Barry is still classified as an aHEO -- the same title he held in 1981 -- and he asserts that he is entitled to have his title reclassified to HEa. Barry states that he has been an employee of Hunter "with 28 years of continuous, outstanding, and dedicated service to the college." Moreover, the scope of his duties has grown considerably over the years, with steadily increasing responsibility for managerial work. As supervisor of the help desk for the past seven years, Barry alleges that he now has nine employees under his management and direction. Barry also asserts that he has received excellent work reviews: in his most recent performance evaluation, he received the highest rating in every category, and in January 2006, Barry received the "HEO Award" for outstanding service. Finally, Barry notes that, in 2002, he assumed the responsibilities of a co-worker whose title was HE Associate, which is two titles above Barry's current title. Barry maintains that all requirements for reclassification imposed by the University have been satisfied.
Barry's attempts to achieve reclassification have thus far proven unsuccessful. Barry alleges that he was recommended for reclassification by two supervisors, Padmanabhan and Mark Watters ("Watters"), Director of User Services, in about 2004. After no further communication from Watters or Padmanabhan concerning reclassification for over a year, Barry was instructed in August 2005 to speak with McGarry, the human resources director, to seek an explanation for the delay. McGarry told Barry that CUNY had a policy of not reclassifying IT staff unless the staffperson "work[s] in an academic department and spend[s] more than 50% of [his or her] time doing 'IT work.'"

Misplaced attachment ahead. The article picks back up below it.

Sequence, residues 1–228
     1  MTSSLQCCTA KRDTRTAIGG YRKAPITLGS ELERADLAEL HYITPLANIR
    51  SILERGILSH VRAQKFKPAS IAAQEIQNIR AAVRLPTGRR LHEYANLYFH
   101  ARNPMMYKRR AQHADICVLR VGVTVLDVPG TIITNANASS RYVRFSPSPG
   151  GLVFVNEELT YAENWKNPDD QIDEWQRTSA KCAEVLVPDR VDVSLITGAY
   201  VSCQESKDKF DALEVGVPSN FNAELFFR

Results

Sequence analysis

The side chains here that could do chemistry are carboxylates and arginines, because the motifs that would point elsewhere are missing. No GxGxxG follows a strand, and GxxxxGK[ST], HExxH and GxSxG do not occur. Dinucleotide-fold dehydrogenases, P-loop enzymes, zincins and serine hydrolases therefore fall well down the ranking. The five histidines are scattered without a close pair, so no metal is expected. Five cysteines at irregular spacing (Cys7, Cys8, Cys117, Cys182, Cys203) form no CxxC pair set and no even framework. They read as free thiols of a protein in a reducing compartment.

Barry thereafter spoke with Leo Deuster, a union representative ("Deuster"). Deuster advised Barry to send a letter to Padmanabhan and Watters requesting that a formal reclassification process be initiated. Barry did so in October 2005. Receiving no response, Barry again contacted Deuster in late November 2005, at which time Deuster advised him that "if his job duties had increased by at least 30%, [he] should submit information to the Labor Management Committee at Hunter College." Barry submitted this information to the Labor Management Committee (the "LMC") on December 7, 2005. Included in these papers was a description of Barry's work history at Hunter, an explanation of how Barry's responsibilities had grown over the past five years, a list of reasons why the plaintiff should be promoted, and a statement that Watters supported his request. Watters followed up by sending an email to the head of the LMC on January 30, 2006 explaining the growth in Barry's job responsibilities.
Barry's application for reclassification thereafter began to proceed favorably. On March 8, 2006, Barry received notice from the LMC that "steps had been taken for papers to be sent to [the] HEO Screening Committee for approval." The HEO Screening Committee approved Barry's reclassification request on June 9, 2006. At that point, McGarry informed Barry that the next step would be "approval from 80th Street," which McGarry said "usually happens within fifteen business days."*fn4